The American Nurses Association, the Centers for Medicare and Medicaid Services' Partnership for Patients, and the Centers for Disease Control and Prevention, in an initiative to reduce catheter-associated urinary tract infections (CAUTIs), together convened an expert panel to develop an assessment and decision-making tool for nurses and other clinicians to use at the bedside to determine the best way to provide care. The tool, a one-page guidance, was presented to nurses at the ANA's National Quality Conference earlier this year and is also available on the ANA website (www.nursingworld.org).
“Nurses can have a big influence on reducing urinary tract infections, since they are continually assessing patients to minimize the use of urinary catheters, and have sharp assessment and decision-making skills that will be enhanced by this concise guidance,” ANA President Pamela F. Cipriano, PhD, RN, NEA-BC, FAAN, said in a news release.
CAUTIs are the most commonly reported hospital-acquired condition, with more than 560,000 patients developing one each year—which extends hospital stays, increases health care costs, and increases patient morbidity and mortality, the ANA release notes.
This tool was designed to assist clinicians in determining whether a urinary catheter is appropriate to insert; recommending alternative treatments for urinary retention and incontinence; evaluating indicators for timely catheter removal to prevent harm; and following a checklist on catheter insertion and cues for essential maintenance and post-removal care.
“Regardless of practice location, having one patient with a CAUTI is too many; prevention of infections results in shorter stays and limited re-admissions,” Carol J. Bush, BS, RN—a member of OT's Editorial Advisory Board who is a Nurse Navigator & Consultant at Midwest Cancer Alliance—University of Kansas Cancer Center—said in an email. “This tool lays out interventions based on clinical evidence to allow for safer care of patients with urinary catheters and to support the removal of catheters as soon as they are no longer medically necessary.
“I could see this tool being most effective when paired with system-wide procedures which give oncology nurses autonomy to manage patients with catheters. I think it would be useful to inform the work of an interdisciplinary quality improvement team.”
In Terms of Patients with Cancer
Also commenting via email for this article, Tracy Wyant, RN-BC, AOCN, CHPN, Oncology Clinical Specialist in the Oncology Nursing Society Education Department and DNP-Clinical Expert Student at The Ohio State University College of Nursing, noted that many patients with cancer experience myelosuppression following treatment, which increases their susceptibility to infection—and those patients needing urinary catheterization are therefore at a higher rate of developing CAUTIs.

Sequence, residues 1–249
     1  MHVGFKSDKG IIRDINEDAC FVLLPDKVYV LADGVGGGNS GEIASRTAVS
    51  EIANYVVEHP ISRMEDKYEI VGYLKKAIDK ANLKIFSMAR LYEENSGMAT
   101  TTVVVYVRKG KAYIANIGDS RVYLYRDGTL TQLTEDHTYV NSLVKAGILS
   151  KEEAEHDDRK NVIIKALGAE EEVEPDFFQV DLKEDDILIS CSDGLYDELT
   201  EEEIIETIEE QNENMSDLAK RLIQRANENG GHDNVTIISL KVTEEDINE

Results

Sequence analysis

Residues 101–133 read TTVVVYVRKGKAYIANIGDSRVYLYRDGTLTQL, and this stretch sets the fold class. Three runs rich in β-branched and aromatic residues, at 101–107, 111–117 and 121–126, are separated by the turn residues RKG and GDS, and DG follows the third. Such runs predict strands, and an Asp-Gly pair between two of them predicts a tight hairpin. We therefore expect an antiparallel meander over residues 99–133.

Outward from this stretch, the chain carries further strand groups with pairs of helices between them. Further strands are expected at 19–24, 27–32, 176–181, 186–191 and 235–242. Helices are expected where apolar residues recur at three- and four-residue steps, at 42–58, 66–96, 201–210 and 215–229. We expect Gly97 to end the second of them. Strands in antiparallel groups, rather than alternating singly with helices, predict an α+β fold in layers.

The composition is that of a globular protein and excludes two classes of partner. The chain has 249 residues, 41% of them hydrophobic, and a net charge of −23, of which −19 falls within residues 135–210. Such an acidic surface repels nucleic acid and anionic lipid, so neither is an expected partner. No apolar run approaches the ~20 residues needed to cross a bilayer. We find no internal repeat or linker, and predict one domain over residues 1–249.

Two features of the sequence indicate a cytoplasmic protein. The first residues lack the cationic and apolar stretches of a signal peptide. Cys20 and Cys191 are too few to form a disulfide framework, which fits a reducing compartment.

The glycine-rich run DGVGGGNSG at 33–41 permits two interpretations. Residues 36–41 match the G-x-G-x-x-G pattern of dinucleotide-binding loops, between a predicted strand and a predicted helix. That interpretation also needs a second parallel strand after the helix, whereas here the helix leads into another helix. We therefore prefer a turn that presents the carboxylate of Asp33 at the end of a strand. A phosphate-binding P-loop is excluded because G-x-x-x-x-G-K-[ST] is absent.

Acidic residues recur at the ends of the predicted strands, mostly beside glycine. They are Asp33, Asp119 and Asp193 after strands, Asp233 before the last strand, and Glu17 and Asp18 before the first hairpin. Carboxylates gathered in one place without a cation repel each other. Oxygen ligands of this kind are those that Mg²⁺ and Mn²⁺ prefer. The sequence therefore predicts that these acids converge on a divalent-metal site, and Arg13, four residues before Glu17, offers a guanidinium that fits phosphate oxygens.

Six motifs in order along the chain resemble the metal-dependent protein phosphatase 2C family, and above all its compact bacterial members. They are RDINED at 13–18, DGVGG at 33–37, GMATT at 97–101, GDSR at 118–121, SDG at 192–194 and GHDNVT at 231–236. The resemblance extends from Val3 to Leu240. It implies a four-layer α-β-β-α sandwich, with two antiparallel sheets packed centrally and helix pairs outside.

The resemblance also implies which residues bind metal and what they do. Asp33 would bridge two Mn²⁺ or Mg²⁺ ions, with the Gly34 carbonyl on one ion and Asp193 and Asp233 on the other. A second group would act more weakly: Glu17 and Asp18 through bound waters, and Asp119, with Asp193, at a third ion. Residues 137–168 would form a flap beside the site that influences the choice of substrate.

Additionally, intravesical chemotherapy—often a treatment option for patients with some types of bladder cancer, according to the National Comprehensive Cancer Center guidelines—is administered through short-term bladder catheterization in both perioperative and postoperative settings, she added.
“The CAUTI Prevention Tool developed in collaboration between the ANA, CMS, and CDC is a useful resource for health care organizations and nursing professionals caring for oncology patients with compromised immunity or receiving intravesical chemotherapy,” she said. “The tool's evidence-based strategies and algorithms guide nursing assessment and decision-making aimed at preventing catheter-related infections and complications.”
The tool was developed by a technical expert panel of nursing clinical experts, which included members of the American Geriatric Society, the American Hospital Association Health Research and Education Trust—Agency for Healthcare Research and Quality, the American Nurses Association, the Association of perioperative Registered Nurses, the Academy of Medical-Surgical Nurses, the Association of Rehabilitation Nurses, the Centers for Disease Control and Prevention, the National Database of Nursing Quality Indicators, Partnership for Patients (funded by the Centers for Medicare and Medicaid Services), the Society of Urologic Nurses and Associates, and Wound, Ostomy and Continence Nurses Society, as well as content experts from MedStar Health and the University of Rochester.
The panel conducted a review of evidence-based guidelines, existing CAUTI reduction tools, and focused literature to develop the tool, which incorporates best practices based from the CDC's 2009 “Guideline for Prevention of Catheter-Associated Urinary Tract Infections.”
The tool incorporates an algorithm to determine if a urinary catheter is appropriate based on nursing screening and assessments, as well as alternatives for retention and incontinence; timely removal; and a checklist on catheter insertion, cues for essential maintenance and post-removal care.
Fourteen hospitals participated in a pilot program to test and refine the CAUTI-reduction approach. Data from that pilot program will be published in the Journal of Wound, Ostomy, and Continence Nursing, though a date has not yet been specified, according to the ANA.